Open Access Research

The interaction of genetic variants and DNA methylation of the interleukin-4 receptor gene increase the risk of asthma at age 18 years

Nelís Soto-Ramírez1, Syed Hasan Arshad26, John W Holloway23, Hongmei Zhang1, Eric Schauberger4, Susan Ewart5, Veeresh Patil26 and Wilfried Karmaus1*

Author Affiliations

1 Department of Epidemiology and Biostatistics, Arnold School of Public Health, University of South Carolina, 800 Sumter Street, Columbia, SC, 29208, USA

2 Clinical and Experimental Sciences, Faculty of Medicine, University of Southampton, University Road, Southampton, SO17 1BJ, UK

3 Human Development and Health, Faculty of Medicine, University of Southampton, University Road, Southampton, SO17 1BJ, UK

4 Department of Pediatrics, Medical College of Wisconsin, 8701 W Watertown Plank Road, Milwaukee, WI, 53226, USA

5 Department of Large Animal Clinical Sciences, Michigan State University, 3700 East Gull Lake Drive, East Lansing, MI, 48824, USA

6 The David Hide Asthma and Allergy Research Centre, St Mary’s, Hospital, Parkhurst Road, Newport, Isle of Wight, PO30 5TG, UK

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Clinical Epigenetics 2013, 5:1  doi:10.1186/1868-7083-5-1

Published: 3 January 2013



The occurrence of asthma is weakly explained by known genetic variants. Epigenetic marks, DNA methylation (DNA-M) in particular, are considered to add to the explanation of asthma. However, no etiological model has yet been developed that integrates genetic variants and DNA-M. To explore a new model, we focused on one asthma candidate gene, the IL-4 receptor (IL4R). We hypothesized that genetic variants of IL4R in interaction with DNA-M at cytosine-phosphate-guanine (CpG) sites jointly alter the risk of asthma during adolescence. Blood samples were collected at age 18 years from 245 female cohort participants randomly selected for methylation analysis from a birth cohort (n = 1,456, Isle of Wight, UK). Genome-wide DNA-M was assessed using the Illumina Infinium HumanMethylation450 BeadChip.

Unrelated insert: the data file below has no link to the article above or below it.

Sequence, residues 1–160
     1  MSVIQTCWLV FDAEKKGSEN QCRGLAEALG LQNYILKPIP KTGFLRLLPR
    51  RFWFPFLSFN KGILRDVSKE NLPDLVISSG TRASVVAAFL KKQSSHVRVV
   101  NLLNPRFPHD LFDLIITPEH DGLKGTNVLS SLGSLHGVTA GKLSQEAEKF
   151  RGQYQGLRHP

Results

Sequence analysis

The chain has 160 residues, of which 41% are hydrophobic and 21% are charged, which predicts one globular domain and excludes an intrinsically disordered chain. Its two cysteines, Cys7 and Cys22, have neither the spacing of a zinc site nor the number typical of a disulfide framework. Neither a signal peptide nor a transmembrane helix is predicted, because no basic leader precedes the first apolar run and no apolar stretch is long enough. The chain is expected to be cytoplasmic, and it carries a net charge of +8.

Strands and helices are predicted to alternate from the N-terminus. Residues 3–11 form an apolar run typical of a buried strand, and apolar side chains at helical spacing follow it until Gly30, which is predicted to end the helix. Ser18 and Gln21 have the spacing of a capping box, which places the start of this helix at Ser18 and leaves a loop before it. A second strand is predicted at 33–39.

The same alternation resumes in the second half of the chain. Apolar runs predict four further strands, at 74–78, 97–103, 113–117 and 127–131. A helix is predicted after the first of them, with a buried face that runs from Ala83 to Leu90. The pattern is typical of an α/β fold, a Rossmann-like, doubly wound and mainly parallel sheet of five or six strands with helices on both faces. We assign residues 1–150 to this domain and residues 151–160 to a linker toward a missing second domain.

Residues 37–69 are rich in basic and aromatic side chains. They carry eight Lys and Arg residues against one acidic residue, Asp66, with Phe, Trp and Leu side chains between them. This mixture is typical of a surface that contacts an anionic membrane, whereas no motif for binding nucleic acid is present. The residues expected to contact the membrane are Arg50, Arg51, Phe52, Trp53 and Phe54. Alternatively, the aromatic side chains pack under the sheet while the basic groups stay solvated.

Thirteen single nucleotide polymorphisms (SNPs) and twelve CpG sites of IL4R gene were analyzed. Based on linkage disequilibrium and association with asthma, eight SNPs and one CpG site were selected for further analyses. Of the twelve CpG sites in the IL4R gene, only methylation levels of cg09791102 showed an association with asthma at age 18 years (Wilcoxon test: P = 0.01). Log-linear models were used to estimate risk ratios (RRs) for asthma adjusting for uncorrelated SNPs within the IL4R gene and covariates. Testing for interaction between the eight SNPs and the methylation levels of cg09791102 on the risk for asthma at age 18 years, we identified the statistically significant interaction term of SNP rs3024685 × methylation levels of cg09791102 (P = 0.002; after adjusting for false discovery rate). A total of 84 participants had methylation levels ≤0.88, 112 participants between 0.89 and 0.90, and 35 between 0.91 and 0.92. For the SNP rs3024685 (‘CC’ vs. ‘TT’) at methylation levels of ≤0.85, 0.86, 0.90, 0.91, and 0.92, the RRs were 0.01, 0.04, 4.65, 14.76, 14.90, respectively (interaction effect, P = 0.0003).


Adjusting for multiple testing, our results suggest that DNA-M modulates the risk of asthma related to genetic variants in the IL4R gene. The strong interaction of one SNP and DNA-M is encouraging and provides a novel model of how a joint effect of genetic variants and DNA-M can explain occurrence of asthma.

Interleukin-4 receptor gene; DNA methylation; Genetic variants; Asthma; Epigenetics